We introduce a new primitive, called trapdoor hash functions (TDH), which are hash functions $\mathsf {H}: \{0,1\}^n \rightarrow \{0,1\}^\lambda$ with additional trapdoor function-like properties. Specifically, given an index $i\in [n]$, TDHs allow for sampling an encoding key $\mathsf {ek}$ (that hides i) along with a corresponding trapdoor. Furthermore, given $\mathsf {H}(x)$, a hint value $\mathsf {E}(\mathsf {ek},x)$, and the trapdoor corresponding to $\mathsf {ek}$, the $i^{th}$ bit of x can be efficiently recovered. In this setting, one of our main questions is: How small can the hint value $\mathsf {E}(\mathsf {ek},x)$ be? We obtain constructions where the hint is only one bit long based on DDH, QR, DCR, or LWE.This primitive opens a floodgate of applications for low-communication secure computation. We mainly focus on two-message protocols between a receiver and a sender, with private inputs x and y, resp., where the receiver should learn f(x, y). We wish to optimize the (download) rate of such protocols, namely the asymptotic ratio between the size of the output and the sender’s message. Using TDHs, we obtain:1.The first protocols for (two-message) rate-1 string OT based on DDH, QR, or LWE. This has several useful consequences, such as:(a)The first constructions of PIR with communication cost poly-logarithmic in the database size based on DDH or QR. These protocols are in fact rate-1 when considering block PIR.(b)The first constructions of a semi-compact homomorphic encryption scheme for branching programs, where the encrypted output grows only with the program length, based on DDH or QR.(c)The first constructions of lossy trapdoor functions with input to output ratio approaching 1 based on DDH, QR or LWE.(d)The first constant-rate LWE-based construction of a 2-message “statistically sender-private” OT protocol in the plain model.2.The first rate-1 protocols (under any assumption) for n parallel OTs and matrix-vector products from DDH, QR or LWE. We further consider the setting where f evaluates a RAM program y with running time $T\ll |x|$ on x. We obtain the first protocols with communication sublinear in the size of x, namely $T\cdot \sqrt{|x|}$ or $T\cdot \root 3 \of {|x|}$, based on DDH or, resp., pairings (and correlated-input secure hash functions).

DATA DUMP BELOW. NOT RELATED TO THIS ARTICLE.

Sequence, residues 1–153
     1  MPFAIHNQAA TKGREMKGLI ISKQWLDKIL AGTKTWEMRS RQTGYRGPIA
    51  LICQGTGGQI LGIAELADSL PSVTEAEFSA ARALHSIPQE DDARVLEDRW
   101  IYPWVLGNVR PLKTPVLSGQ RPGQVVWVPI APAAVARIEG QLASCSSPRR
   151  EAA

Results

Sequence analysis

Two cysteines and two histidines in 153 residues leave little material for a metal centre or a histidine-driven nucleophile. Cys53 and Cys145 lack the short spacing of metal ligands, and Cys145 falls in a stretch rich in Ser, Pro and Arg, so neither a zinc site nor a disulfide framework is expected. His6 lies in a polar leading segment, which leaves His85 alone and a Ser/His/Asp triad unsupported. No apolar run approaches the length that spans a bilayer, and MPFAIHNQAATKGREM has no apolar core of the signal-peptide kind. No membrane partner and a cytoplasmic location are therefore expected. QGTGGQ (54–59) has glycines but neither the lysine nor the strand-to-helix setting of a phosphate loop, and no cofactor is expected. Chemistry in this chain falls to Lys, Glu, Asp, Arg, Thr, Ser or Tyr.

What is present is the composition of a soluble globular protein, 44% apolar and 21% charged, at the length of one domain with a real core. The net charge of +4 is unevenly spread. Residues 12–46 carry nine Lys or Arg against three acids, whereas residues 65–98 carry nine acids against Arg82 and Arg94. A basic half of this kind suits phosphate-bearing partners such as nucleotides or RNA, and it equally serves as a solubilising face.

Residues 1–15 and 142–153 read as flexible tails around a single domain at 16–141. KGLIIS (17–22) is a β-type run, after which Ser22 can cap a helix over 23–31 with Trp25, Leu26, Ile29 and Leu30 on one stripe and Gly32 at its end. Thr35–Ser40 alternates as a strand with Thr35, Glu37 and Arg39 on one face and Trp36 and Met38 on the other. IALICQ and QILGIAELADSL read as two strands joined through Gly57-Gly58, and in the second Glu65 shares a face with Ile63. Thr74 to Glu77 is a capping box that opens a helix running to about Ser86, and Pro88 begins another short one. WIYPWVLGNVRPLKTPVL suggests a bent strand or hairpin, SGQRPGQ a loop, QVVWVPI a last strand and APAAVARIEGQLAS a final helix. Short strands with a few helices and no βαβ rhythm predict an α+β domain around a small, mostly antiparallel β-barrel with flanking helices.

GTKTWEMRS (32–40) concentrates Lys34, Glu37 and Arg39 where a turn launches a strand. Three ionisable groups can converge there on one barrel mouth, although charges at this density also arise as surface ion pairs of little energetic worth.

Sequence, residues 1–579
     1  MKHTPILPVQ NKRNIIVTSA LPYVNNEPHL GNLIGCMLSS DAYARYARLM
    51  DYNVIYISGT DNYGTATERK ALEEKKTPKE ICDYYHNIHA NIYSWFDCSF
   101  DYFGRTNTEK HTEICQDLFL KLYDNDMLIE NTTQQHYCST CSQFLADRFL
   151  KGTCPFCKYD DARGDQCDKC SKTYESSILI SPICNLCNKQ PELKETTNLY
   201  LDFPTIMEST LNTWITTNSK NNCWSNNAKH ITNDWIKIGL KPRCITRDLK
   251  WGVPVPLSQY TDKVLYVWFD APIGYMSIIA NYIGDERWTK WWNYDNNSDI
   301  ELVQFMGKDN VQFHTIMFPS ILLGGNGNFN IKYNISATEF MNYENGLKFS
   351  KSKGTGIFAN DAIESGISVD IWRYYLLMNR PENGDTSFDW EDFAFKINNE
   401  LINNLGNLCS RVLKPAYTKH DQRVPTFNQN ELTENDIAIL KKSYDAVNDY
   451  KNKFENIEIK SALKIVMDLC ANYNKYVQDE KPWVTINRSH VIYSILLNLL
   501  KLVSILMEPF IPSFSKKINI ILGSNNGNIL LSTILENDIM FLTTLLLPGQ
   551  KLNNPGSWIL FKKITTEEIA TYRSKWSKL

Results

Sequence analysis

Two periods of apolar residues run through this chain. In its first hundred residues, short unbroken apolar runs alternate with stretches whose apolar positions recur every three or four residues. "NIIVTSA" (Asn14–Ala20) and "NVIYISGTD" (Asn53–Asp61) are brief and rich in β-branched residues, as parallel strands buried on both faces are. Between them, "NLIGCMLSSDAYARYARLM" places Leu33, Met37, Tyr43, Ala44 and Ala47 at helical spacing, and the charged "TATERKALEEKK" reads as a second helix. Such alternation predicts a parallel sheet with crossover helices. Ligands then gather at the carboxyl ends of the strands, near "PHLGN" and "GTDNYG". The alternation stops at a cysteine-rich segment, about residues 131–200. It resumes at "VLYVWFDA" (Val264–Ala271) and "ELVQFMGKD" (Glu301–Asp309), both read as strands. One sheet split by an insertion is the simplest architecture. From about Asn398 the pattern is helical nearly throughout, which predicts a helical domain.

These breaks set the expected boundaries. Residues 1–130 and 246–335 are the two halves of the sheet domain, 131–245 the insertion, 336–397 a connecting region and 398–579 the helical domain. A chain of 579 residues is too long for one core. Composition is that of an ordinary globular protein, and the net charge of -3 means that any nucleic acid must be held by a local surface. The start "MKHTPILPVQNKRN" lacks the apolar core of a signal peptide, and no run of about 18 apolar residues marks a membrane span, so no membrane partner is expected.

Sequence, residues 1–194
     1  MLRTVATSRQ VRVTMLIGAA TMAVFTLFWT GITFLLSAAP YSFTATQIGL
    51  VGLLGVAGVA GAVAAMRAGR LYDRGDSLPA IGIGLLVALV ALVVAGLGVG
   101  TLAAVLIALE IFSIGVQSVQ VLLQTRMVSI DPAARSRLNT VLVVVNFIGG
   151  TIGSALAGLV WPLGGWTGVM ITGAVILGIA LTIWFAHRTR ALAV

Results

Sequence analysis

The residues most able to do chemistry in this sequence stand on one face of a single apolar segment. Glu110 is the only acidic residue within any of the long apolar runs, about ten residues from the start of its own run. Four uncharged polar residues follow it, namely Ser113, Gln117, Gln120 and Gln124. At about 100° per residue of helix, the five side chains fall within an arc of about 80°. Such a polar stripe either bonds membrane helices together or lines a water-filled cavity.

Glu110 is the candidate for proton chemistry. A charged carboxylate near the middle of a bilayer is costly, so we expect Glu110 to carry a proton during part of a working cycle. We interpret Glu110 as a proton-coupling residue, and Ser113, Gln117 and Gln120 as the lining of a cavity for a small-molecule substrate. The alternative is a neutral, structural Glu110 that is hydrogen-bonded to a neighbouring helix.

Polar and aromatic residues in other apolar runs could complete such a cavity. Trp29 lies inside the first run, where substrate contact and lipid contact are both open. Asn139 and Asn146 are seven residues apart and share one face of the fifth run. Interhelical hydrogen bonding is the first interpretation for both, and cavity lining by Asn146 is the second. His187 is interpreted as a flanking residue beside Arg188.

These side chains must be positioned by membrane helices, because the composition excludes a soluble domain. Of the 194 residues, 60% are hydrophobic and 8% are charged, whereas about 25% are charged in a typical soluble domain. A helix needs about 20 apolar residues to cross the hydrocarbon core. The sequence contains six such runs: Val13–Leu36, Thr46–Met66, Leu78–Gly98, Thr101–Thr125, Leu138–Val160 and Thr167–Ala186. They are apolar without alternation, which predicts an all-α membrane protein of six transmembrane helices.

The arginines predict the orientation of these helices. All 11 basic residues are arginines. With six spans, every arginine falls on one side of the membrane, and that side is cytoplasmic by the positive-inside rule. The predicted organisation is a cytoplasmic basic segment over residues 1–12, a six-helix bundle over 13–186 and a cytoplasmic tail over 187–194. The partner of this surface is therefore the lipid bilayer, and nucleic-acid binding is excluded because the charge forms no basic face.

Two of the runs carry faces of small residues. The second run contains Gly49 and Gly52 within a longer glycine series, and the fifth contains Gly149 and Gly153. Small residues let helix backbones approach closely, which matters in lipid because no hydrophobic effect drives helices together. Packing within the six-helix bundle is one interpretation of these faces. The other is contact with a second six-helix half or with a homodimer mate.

2019
TCC
We show how to combine a fully-homomorphic encryption scheme with linear decryption and a linearly-homomorphic encryption schemes to obtain constructions with new properties. Specifically, we present the following new results. (1)Rate-1 Fully-Homomorphic Encryption: We construct the first scheme with message-to-ciphertext length ratio (i.e., rate) $1-\sigma$ for $\sigma = o(1)$. Our scheme is based on the hardness of the Learning with Errors (LWE) problem and $\sigma$ is proportional to the noise-to-modulus ratio of the assumption. Our building block is a construction of a new high-rate linearly-homomorphic encryption.One application of this result is the first general-purpose secure function evaluation protocol in the preprocessing model where the communication complexity is within additive factor of the optimal insecure protocol.(2)Fully-Homomorphic Time-Lock Puzzles: We construct the first time-lock puzzle where one can evaluate any function over a set of puzzles without solving them, from standard assumptions. Prior work required the existence of sub-exponentially hard indistinguishability obfuscation.